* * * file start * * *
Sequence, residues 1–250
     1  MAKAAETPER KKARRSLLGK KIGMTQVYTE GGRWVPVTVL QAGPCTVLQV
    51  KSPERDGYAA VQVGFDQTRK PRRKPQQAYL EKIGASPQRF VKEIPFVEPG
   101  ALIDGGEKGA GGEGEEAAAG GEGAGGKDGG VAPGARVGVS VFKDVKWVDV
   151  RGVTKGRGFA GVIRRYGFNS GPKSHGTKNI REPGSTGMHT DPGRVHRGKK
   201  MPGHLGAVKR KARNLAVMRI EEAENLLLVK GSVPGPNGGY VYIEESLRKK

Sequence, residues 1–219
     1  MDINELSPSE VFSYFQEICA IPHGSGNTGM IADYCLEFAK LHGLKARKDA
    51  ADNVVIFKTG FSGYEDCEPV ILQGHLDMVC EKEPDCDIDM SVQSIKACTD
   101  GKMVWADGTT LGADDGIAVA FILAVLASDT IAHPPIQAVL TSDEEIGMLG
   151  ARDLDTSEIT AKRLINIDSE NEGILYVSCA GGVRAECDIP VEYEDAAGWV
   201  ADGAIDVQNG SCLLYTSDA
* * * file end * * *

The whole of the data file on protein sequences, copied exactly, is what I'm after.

Sequence, residues 1–250
     1  MAKAAETPER KKARRSLLGK KIGMTQVYTE GGRWVPVTVL QAGPCTVLQV
    51  KSPERDGYAA VQVGFDQTRK PRRKPQQAYL EKIGASPQRF VKEIPFVEPG
   101  ALIDGGEKGA GGEGEEAAAG GEGAGGKDGG VAPGARVGVS VFKDVKWVDV
   151  RGVTKGRGFA GVIRRYGFNS GPKSHGTKNI REPGSTGMHT DPGRVHRGKK
   201  MPGHLGAVKR KARNLAVMRI EEAENLLLVK GSVPGPNGGY VYIEESLRKK

Sequence, residues 1–219
     1  MDINELSPSE VFSYFQEICA IPHGSGNTGM IADYCLEFAK LHGLKARKDA
    51  ADNVVIFKTG FSGYEDCEPV ILQGHLDMVC EKEPDCDIDM SVQSIKACTD
   101  GKMVWADGTT LGADDGIAVA FILAVLASDT IAHPPIQAVL TSDEEIGMLG
   151  ARDLDTSEIT AKRLINIDSE NEGILYVSCA GGVRAECDIP VEYEDAAGWV
   201  ADGAIDVQNG SCLLYTSDA